Three or four times only in my youth did I glimpse the Joyous Isles, before they were lost to fogs, depressions, cold fronts, ill winds, and contrary tides... I mistook them for adulthood. Assuming they were a fixed feature in my life's voyage, I neglected to record their latitude, their longitude, their approach. Young ruddy fool. What wouldn't I give now for a never-changing map of the ever-constant ineffable? To possess, as it were, an atlas of clouds.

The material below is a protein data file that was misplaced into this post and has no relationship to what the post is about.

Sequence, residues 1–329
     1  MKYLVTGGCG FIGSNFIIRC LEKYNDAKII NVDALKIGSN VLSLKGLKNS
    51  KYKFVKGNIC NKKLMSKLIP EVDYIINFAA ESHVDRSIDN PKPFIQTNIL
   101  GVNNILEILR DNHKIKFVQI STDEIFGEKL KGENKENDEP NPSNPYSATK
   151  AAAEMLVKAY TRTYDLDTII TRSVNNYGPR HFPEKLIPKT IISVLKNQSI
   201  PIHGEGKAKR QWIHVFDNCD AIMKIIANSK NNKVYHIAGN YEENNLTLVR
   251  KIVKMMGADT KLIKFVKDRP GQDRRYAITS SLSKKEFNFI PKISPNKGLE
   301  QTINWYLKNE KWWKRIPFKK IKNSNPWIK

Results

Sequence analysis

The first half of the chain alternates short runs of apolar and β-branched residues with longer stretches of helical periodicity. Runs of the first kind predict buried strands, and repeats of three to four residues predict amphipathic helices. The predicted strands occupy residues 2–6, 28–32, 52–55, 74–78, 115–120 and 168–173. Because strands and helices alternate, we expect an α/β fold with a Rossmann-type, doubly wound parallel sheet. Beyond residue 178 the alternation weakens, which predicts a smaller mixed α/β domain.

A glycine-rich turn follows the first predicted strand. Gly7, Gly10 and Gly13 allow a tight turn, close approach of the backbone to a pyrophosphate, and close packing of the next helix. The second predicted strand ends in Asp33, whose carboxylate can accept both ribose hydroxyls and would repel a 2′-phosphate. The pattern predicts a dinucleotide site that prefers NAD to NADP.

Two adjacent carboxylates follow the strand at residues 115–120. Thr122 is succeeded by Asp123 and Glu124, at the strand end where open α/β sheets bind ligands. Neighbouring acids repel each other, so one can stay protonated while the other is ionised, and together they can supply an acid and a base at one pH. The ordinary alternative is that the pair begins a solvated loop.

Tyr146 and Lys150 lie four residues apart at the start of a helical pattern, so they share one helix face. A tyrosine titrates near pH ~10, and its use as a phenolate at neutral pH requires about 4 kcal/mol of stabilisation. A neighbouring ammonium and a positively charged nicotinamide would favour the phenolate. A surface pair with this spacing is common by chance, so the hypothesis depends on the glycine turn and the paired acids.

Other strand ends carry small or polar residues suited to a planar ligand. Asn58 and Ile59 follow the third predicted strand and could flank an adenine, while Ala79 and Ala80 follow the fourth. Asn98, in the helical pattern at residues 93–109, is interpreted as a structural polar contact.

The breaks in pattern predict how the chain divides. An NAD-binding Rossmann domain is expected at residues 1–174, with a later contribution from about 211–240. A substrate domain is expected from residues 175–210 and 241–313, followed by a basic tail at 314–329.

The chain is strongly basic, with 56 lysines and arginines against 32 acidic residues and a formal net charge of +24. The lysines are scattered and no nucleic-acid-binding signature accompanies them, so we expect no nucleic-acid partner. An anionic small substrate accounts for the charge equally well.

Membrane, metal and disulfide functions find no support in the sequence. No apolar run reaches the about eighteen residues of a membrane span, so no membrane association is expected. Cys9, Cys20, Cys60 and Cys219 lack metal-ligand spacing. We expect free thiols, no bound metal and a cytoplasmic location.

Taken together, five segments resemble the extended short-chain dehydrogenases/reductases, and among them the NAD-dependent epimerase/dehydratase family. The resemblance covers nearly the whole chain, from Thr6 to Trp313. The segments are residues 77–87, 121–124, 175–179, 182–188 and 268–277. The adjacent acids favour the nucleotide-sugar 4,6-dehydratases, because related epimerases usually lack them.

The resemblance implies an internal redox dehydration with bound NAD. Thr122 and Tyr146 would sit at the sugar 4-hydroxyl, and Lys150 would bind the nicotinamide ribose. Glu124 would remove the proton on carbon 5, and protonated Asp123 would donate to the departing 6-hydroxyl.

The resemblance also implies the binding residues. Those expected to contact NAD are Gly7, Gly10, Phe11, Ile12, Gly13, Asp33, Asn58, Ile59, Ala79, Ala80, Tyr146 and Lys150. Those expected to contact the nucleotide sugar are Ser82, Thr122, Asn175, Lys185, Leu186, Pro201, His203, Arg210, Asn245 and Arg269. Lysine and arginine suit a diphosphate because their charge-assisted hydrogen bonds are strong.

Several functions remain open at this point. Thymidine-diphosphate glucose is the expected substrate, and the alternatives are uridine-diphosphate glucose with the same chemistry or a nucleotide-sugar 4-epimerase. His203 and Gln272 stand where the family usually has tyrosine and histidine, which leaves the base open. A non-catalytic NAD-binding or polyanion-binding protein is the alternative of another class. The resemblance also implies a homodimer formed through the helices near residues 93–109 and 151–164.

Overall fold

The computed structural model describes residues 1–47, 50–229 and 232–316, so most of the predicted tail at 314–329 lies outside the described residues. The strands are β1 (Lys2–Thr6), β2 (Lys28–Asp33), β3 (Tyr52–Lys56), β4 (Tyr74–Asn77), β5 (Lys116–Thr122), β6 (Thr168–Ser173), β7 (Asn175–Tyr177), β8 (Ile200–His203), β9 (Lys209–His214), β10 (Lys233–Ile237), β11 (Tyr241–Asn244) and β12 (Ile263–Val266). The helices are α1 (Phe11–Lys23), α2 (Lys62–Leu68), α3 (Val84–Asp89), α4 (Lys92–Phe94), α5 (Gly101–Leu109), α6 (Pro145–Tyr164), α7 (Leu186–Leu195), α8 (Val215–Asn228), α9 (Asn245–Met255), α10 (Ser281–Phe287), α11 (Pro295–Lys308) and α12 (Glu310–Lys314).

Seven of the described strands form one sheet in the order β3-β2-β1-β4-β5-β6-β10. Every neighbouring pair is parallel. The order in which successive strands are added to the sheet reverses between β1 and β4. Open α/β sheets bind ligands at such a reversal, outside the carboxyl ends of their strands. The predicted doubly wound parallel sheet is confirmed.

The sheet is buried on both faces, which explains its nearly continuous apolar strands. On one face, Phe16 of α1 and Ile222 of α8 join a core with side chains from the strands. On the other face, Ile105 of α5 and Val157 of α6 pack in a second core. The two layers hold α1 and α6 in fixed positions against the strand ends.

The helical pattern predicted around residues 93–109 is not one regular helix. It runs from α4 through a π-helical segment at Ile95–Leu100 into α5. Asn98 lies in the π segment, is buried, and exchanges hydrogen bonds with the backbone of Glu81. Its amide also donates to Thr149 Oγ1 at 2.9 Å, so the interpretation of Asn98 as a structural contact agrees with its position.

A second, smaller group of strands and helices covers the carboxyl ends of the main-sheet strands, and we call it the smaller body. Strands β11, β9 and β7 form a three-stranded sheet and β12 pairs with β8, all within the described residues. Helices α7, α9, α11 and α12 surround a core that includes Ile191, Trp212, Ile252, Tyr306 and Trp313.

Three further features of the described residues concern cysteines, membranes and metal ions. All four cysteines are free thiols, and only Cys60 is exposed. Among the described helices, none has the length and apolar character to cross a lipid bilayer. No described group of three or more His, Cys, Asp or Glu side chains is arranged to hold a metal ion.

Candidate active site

Man was first a hunter, and an artist: his early vestiges tell us that alone. But he must always have dreamed, and recognized and guessed and supposed, all the skills of the imagination. Language itself is a continuously imaginative act. Rational discourse outside our familiar territory of Greek logic sounds to our ears like the wildest imagination. The Dogon, a people of West Africa, will tell you that a white fox named Ogo frequently weaves himself a hat of string bean hulls, puts it on his impudent head, and dances in the okra to insult and infuriate God Almighty, and that there's nothing we can do about it except abide him in faith and patience.This is not folklore, or quaint custom, but as serious a matter to the Dogon as a filling station to us Americans. The imagination; that is, the way we shape and use the world, indeed the way we see the world, has geographical boundaries like islands, continents, and countries. These boundaries can be crossed. That Dogon fox and his impudent dance came to live with us, but in a different body, and to serve a different mode of the imagination. We call him Brer Rabbit.